Get Lucky, the biggest hit of the album, felt like it was from the 70s. It was and IS played
    out yet everyone is raving about it? What gives?

    As artists, they have every right to take whatever direction they wish. I simply do not like it and will not be buying the album. This was an oldies album, not a an electronic powerhouse the way Discovery and Homework were.
  10. May 31, 2013
    I don't understand the hype around this album. I think after the song with the philosophical sounding German guy, people thought they were just supposed to like it, as if it were something deep. The beginning of the album feels like it is about to build into something epic which, quite frankly, never comes. After I had been listening to the album a while I look down and realize I had gone through 8 songs without noticing they had even changed. I'm a big Daft Punk fan, but this album is drab and boring. There are no standout songs (except for contact, which is awesome) and it's hard to distinguish one song from the next. I think most people are giving this album rave reviews just because they feel like it's the intellectual thing to do, or because they were told so much how good this album is/will be, they convince themselves it's true.

    Oh, and quit throwing around "dance" so much with this album... there are MAYBE three songs in the entire set that can be danced too.
  11. May 30, 2013
    Terrible. Thankful for Spotify so I did not purchase this rubbish. I love most of their stuff but this is mostly insipid. Lacks balls! The Paul Williams track is so bad I nearly coughed up my breakfast!!! Reminiscent of a Michael Crawford track!!!! If you like Jamiroqui you'll love this album!!!
  12. Jun 1, 2013
    I opened up an account to share my deepest regrets to listen to something outer of space than this. I used to be a big fan in the 90ies like everybody here expecting something beyond the what I call "PRINCE"-effect. What does that mean to me Well, if you consider all the albums of PRINCE until the "Around the world in a day"-album they where all great, when he left Warner it suddendly felt like something got lost. All the releases after that lacked of unique and creative work. Same is with Daft Punk. The first two albums where amazing, soundtracks of a generation, musical masterpieces of the digital industrial revolution, this kind of sound will still go to Mars Mission. But Random Access Memo will straight go to hell of indifference. They wasted a lot of money for all their strings and regular analog studio arrangements. Maybe they used samples that sound so real, so they could save a lot of money..but I don´t care. If your in the postproduction business you know all the readymade soundbanks, don´t you RAM is worse than that. I don´t understand who put this on air. It just tells me that innovation is a precious state of mind that you have mostly, when you stay hungry. The minute people get crazy about your work, you become a star and everybody wants your stamp on his package, you have to take care a lot to stay in this "breaking the rules"-state of mind. Random means least a waste of energy, time and CDs, uploads, advertising....just Duff Punk Expand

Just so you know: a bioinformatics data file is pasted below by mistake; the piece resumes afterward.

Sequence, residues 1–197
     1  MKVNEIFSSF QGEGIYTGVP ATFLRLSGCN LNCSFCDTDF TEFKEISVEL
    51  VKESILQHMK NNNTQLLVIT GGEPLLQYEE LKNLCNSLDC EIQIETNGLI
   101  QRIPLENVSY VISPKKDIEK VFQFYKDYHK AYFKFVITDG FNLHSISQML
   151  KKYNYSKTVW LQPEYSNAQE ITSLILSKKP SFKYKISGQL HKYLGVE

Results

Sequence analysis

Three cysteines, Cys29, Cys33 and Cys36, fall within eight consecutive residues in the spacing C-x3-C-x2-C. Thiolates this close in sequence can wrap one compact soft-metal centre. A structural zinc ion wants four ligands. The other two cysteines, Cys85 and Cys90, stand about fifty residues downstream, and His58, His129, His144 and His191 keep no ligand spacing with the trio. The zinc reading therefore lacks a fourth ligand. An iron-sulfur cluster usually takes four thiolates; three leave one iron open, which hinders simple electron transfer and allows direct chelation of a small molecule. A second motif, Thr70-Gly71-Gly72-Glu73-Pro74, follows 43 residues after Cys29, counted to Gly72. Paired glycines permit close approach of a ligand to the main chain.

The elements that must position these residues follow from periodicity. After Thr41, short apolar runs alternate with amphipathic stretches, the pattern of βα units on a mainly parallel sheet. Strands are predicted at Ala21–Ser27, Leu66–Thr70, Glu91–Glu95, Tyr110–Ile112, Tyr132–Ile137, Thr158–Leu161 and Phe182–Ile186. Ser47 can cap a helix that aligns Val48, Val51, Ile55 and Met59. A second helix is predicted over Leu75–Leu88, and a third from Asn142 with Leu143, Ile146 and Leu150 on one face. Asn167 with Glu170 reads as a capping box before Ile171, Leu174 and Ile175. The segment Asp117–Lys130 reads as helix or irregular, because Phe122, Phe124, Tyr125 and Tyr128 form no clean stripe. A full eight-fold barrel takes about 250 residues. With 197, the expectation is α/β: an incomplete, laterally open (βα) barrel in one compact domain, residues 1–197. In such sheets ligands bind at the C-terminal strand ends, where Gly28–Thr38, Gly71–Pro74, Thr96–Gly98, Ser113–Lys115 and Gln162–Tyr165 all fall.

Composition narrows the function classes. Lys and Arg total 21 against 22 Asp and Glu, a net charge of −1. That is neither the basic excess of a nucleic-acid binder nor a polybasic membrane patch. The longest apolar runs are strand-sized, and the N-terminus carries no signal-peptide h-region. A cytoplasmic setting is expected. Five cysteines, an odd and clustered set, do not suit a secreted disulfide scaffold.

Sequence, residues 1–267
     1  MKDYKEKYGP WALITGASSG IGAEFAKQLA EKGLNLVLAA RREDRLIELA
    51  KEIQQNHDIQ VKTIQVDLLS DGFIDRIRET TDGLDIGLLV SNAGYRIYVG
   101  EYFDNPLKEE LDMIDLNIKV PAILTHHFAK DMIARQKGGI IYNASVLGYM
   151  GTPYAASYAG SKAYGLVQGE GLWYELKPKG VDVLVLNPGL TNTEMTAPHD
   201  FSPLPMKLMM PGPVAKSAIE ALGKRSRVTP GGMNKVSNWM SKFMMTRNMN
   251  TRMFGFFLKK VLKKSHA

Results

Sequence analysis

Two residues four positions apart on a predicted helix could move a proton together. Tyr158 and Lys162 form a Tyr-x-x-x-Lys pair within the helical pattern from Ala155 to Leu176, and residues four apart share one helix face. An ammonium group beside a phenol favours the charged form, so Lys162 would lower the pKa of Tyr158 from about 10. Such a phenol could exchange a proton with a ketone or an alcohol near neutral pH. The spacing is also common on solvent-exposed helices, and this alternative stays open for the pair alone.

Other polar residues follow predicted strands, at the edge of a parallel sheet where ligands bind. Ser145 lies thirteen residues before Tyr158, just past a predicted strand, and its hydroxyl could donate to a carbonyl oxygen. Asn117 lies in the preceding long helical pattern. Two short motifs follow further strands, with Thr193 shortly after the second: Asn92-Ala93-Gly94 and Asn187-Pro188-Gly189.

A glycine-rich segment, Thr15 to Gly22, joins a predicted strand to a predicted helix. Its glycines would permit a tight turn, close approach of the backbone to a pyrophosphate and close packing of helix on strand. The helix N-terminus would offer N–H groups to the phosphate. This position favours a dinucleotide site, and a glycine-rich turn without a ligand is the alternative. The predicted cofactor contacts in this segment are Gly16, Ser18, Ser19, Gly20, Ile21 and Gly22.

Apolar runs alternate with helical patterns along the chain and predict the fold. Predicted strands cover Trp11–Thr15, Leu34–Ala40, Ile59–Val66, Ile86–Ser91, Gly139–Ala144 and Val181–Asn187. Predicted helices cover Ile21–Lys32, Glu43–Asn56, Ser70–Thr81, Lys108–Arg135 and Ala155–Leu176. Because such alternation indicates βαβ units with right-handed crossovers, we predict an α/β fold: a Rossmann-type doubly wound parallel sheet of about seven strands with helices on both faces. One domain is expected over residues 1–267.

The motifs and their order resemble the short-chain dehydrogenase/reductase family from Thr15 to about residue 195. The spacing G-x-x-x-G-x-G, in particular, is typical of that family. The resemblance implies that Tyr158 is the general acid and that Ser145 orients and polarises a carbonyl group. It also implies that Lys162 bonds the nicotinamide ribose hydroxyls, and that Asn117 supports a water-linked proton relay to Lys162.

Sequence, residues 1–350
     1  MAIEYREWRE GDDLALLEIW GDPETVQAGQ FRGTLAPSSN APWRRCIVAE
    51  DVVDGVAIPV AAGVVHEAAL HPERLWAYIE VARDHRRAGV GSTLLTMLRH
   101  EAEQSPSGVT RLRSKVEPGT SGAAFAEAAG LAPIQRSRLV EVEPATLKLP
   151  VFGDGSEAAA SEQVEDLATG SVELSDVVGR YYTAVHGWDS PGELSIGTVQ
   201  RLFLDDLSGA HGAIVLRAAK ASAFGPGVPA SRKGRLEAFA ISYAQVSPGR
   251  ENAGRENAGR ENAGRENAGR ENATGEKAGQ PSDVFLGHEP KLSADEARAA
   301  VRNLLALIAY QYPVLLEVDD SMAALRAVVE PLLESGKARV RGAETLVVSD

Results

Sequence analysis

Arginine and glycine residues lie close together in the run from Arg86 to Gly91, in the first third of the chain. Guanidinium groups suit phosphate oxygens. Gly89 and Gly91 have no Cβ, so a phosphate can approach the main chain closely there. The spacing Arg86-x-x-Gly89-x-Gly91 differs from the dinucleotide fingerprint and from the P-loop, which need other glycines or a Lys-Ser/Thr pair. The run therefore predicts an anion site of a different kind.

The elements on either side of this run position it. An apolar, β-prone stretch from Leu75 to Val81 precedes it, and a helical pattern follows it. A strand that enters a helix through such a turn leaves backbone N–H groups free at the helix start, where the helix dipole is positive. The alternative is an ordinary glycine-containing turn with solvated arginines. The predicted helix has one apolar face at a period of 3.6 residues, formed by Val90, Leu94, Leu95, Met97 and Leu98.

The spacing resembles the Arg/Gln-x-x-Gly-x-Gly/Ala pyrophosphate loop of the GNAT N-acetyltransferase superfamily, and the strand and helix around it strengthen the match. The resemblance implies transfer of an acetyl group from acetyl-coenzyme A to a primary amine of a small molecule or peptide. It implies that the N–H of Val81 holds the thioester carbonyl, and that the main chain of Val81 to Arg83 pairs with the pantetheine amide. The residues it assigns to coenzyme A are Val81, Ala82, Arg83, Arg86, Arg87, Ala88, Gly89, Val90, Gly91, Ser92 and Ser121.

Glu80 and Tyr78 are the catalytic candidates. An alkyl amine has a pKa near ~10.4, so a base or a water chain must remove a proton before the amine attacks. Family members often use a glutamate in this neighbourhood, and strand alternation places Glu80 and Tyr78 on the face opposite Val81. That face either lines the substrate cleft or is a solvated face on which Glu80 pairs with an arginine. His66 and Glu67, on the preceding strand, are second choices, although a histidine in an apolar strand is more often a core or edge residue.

13. Jun 6, 2013
    As the streets sings of the 'joys' of Thomas and Guy's new musical collaboration fill the air, I cannot be left with any feelings but sadness and disappointment.

    From what the advertisement and early reviews told me, this album was to shake the earth, leave cracks in the foundations of music, fill the air with the thunder it so lacked, and yet all I observed was a small push at what was
    meant to be brilliance.

    As I listened to the artist who's music literally shaped my tastes in music, and my childhood, I found myself nearly crying with disappointment, around eight years of waiting, eight years of promises, and this is what is thrown to the masses.

    The bigger, kinder part of me wants to dismiss the album as a mistake, but I know that all of the reviews claiming this is one of the 'best' and most 'redefining releases of modern times, are all wrong, coming from people who were forced into bad music, and even worse rappers.

    This seems to me to be some mighty call out to re-ignite the passion of Daft Punk that hadn't been allowed to breathe for so long. And yet, we receive some let down of a bestial war-cry of god-like proportions.

    I can only pray that releasing the ten minute song, of Giorgio Moroder giving us his life of music in some verbal biography was intend as a in-joke for the team. I can only hope this proves example to the pair that they should stick to what they know, which is making heavenly noise of samples.

    I do not care how much the masses cry, it will take more than one song that sounds half decent to change my opinion of this pile of good wishes, and bad noises to sound good to me.
  14. Jun 27, 2013